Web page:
October sees National Customer Service Week in the UK. It’s an initiative aimed at raising awareness of customer service and the vital role it plays in successful business practice and the growth of the UK economy. There is a lot of information on the website, including a breakdown of complaints by sector. Guess which sector wins the dubious prize of generating the most complaints? Yes, it’s telecommunications and media.
This brings us to the story of our friend, who called the other day to recount what he termed ‘a heart-warming story.’ The irony was not immediately obvious. Attempting to upgrade his services with his telecoms supplier, who we will kindly not name, he first tried to log into his account. With no idea of his password, or even recollection of ever having had one, he selected the ‘forgotten password’ option. A day later, no response. He emailed Customer Services. A week later, no response. The ‘online chat help’ was always unavailable.
Not living near to one of Unidentified Supplier’s retail outlets, he resorted to the Call Centre. He tried many combinations of the available options, and even managed to be polite to the voice recognition system, but each time his call dropped into a black hole. Eleven times he tried, 11 times he was cut off. He’s an honest chap and we have no reason to doubt his story. Finally, he settled down with a coffee and an iced bun, called the Call Centre one more time, and gently pressed ‘0’ on his phone when the automated voice offered up the choices. Again, and again, and again, he pressed zero, until, eventually, oh happy day, he beat The System and was connected to a real, live, human being.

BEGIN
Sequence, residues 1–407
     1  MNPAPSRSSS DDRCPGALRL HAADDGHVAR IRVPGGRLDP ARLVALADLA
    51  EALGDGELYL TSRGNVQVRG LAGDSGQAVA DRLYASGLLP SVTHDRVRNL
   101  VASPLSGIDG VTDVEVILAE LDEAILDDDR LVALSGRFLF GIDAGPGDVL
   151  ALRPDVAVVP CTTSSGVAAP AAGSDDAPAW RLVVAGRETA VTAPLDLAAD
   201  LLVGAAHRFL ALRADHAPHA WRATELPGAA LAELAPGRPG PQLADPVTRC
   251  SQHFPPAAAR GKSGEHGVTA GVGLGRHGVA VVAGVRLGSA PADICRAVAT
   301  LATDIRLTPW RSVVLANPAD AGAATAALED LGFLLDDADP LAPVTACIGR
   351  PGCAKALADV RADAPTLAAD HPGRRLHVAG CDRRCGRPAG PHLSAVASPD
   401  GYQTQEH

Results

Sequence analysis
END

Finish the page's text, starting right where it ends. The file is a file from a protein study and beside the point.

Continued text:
His issue was sorted in seconds, his services upgraded, job done. Is he happy? No, he’s furious at the time wasting, the inefficiency, the total lack of interest by Unidentified Supplier in providing a smooth customer experience. He’s a customer lost, and will never have a good word to say about this company again.
There is such rich potential for improvement in customer service, or customer relationship management (CRM). Entire events are dedicated to the topic – our own Dr Andy Tiller is speaking at the Customer Experience Management in Telecoms European Summit this month, and is also focusing on CRM at the Next Generation Pricing and OSS/BSS conference in October.
But how does all this awareness-raising and talk help our friend? Well, it highlights the opportunities that are now available to enable service providers to up their game when it comes to customer service. We’ve long been advocates of the ‘omni-channel’ approach, where the customer can interact with the service provider via any channel. Independent research shows that Western European mobile network operators could save up to $4.6 billion through the adoption of an omni-channel approach.
Had Unidentified Supplier implemented omni-channel capability, our friend’s frustration could have been avoided. With omni-channel, agents across all channels – online, in store – and the end-customer, have the same 360 degree view of that customer’s personal data and interaction history. Social apps become full channels, so Facebook can become the log in – no lost password issues. Support channels are fully integrated, so agents can see what the customer sees in self-service channels, and act on the customer’s behalf. All agent screens are available on any device, including in-store tablets. No more emails disappearing into the ether. No more ‘We’re really busy at the moment, but your call is important to us so please continue to hold … indefinitely …’.
Omni-channel puts the power in the hands of the customer. Simple, familiar touchscreen processes would have enabled our friend to log in via Facebook, choose the service upgrade he wanted, and confirm the change to his price plan. Job done. Customer retained. Brand undamaged. It really is time for service providers to put the customer in control.